Witnessing Is Back In Style!
Do you remember the nursery rhyme that goes like this?
Little Bo Peep, has lost her sheep
And doesn’t know where to find them.
Leave them alone and they’ll come home
Wagging their tails behind them.
Well, there has been a tendency for Christians to take what I would call “The Little Bo-Peep Approach” in relating to people in the world around us. That is to say, we don’t need to share our faith with others. All we have to do is leave them alone and sooner or later they will come to their senses and find their own way home. Of course, that is not the approach that Jesus took. Jesus said: “I have come to seek and to save the lost.” He didn’t wait for them to come home. He went after them to bring them home. He was willing to go to incredible lengths, even to death on the cross, in order to seek and to save His lost sheep in the world.
What I find encouraging is that suddenly these days we are seeing more and more people move away from “the Little Bo-Peep Approach” and begin to adopt “the Jesus Approach”. We are seeing a rise in truly effective witnessing in which people are no longer afraid of being typecast as religious nuts or fanatics if they invite others to church or speak openly and freely about how much their faith means to them. Nowadays more people seem eager to share with others the story of their own experience with God and the church in order to help others find the joy and the peace they themselves have discovered. Listen to the way John Killinger expresses it: “There is the phenomenon we shall probably see more and more frequently in the century ahead- doctors, lawyers, accountants, insurance brokers, salespeople, scientists, teachers, homemakers- all eager to share with people they casually meet the Good News that they have encountered Christ and are finding faith to be relevant to their daily lives. More and more Christians are realizing that in the kind of world we face, it is incumbent upon us to make a witness to the presence of God in our lives. So amazingly enough, suddenly, witnessing is back in style.”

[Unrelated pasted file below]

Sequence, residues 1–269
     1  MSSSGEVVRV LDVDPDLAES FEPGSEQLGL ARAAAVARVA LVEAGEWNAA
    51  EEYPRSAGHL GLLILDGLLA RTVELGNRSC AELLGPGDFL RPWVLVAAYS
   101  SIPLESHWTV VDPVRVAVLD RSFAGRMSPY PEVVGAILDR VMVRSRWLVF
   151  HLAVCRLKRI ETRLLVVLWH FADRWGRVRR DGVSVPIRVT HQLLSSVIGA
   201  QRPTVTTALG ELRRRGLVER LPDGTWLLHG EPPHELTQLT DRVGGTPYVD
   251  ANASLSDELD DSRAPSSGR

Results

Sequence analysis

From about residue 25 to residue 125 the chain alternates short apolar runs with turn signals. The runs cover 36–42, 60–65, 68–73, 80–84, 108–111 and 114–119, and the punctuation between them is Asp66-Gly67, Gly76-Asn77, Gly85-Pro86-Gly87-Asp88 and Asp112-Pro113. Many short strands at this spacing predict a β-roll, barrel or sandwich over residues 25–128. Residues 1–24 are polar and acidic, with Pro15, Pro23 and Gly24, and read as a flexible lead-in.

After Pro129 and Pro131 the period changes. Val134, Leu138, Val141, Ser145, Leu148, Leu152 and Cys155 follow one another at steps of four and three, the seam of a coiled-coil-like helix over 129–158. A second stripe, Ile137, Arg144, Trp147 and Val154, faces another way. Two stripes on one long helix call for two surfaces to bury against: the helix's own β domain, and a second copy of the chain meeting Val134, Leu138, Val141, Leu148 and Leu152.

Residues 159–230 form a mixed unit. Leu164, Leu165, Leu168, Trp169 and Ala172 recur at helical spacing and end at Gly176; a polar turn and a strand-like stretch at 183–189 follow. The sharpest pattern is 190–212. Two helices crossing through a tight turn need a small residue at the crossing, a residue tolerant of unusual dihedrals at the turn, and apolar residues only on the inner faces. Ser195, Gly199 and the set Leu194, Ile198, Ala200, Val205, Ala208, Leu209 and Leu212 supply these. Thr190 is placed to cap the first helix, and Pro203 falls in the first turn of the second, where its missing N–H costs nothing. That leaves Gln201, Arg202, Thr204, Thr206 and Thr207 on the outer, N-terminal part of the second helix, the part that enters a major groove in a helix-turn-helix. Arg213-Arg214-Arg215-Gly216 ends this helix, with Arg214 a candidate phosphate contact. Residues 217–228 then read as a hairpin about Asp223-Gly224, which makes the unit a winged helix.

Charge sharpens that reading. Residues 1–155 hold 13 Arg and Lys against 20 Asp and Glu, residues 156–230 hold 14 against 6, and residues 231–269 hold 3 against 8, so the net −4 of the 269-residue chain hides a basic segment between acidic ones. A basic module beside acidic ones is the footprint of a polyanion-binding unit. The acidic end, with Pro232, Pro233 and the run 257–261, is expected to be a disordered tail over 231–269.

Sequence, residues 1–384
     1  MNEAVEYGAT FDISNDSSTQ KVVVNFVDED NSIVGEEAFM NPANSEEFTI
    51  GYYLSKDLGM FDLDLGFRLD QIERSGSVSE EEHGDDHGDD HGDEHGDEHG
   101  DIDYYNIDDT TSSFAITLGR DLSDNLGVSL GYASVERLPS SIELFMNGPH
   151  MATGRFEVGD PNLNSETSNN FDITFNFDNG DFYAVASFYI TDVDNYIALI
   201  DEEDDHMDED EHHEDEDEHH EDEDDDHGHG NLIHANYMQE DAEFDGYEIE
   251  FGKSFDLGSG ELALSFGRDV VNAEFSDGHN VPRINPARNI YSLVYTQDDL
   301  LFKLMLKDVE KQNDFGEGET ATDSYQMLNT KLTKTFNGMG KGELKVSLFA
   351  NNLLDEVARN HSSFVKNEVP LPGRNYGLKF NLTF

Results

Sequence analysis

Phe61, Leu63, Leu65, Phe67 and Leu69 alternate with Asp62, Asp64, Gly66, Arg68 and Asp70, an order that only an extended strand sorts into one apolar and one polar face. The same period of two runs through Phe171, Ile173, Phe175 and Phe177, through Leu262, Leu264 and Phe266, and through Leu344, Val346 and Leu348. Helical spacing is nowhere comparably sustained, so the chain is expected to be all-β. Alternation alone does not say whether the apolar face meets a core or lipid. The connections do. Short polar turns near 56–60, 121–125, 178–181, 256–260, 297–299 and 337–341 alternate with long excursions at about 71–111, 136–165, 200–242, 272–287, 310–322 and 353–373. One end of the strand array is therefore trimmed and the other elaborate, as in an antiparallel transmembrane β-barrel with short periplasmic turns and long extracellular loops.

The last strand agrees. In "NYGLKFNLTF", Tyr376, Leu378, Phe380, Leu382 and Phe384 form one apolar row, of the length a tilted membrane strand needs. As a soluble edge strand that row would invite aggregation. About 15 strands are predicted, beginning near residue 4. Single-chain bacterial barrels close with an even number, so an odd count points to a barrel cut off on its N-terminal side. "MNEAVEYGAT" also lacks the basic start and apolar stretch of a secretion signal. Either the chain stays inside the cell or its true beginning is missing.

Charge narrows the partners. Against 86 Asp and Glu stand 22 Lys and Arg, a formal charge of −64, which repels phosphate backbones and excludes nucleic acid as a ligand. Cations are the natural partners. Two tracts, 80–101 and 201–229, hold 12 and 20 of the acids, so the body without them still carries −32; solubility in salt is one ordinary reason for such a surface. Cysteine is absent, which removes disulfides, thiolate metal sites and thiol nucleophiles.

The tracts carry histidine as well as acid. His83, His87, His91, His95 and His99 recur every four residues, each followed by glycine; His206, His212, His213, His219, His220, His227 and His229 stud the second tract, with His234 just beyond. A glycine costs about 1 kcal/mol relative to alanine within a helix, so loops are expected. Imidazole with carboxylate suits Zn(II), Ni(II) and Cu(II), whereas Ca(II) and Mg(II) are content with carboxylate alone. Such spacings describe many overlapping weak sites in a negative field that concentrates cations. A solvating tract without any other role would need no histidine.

Now if it is true that witnessing is back in style- and I believe it is- then these few verses from Colossians can help us to develop our own style of sharing the faith with others. “Be wise in the way you act toward those who are not believers, making good use of every opportunity you have. Your words should always be pleasant and interesting and you should know how to give the right answer to everyone.” Building on those words from Paul, let me share some thoughts about what I think our style of witnessing ought to be.
First of all, our style of witnessing ought to be personal.
Have you ever been watching a football game in person or on TV and seen that guy with the garish multi-colored wig holding up a huge sign with a Bible verse on it- not the words-just the verse, like “John 3:16”? I suppose that the idea is that someone will see that sign, lunge for a Bible and read the verse and instantly be saved. But I doubt very much that that works. My friend Leonard Sweet, tells of sitting behind two well-dressed couples at a ballgame who were commenting about the guy with the sign and wondering what in the world it meant. Reduced to guessing, one thought that it must be an ad for a new restaurant in town. The others dissed that idea, saying: “Who would send someone out with orange hair and a hand-painted sign to advertise anything?” Another suggested that the “John 3:16” sign might be a signal to someone to meet at the john on the third level of the stadium, stall 16. Talk about clueless! They were totally in the dark about why anyone would be holding a sign with those words on it.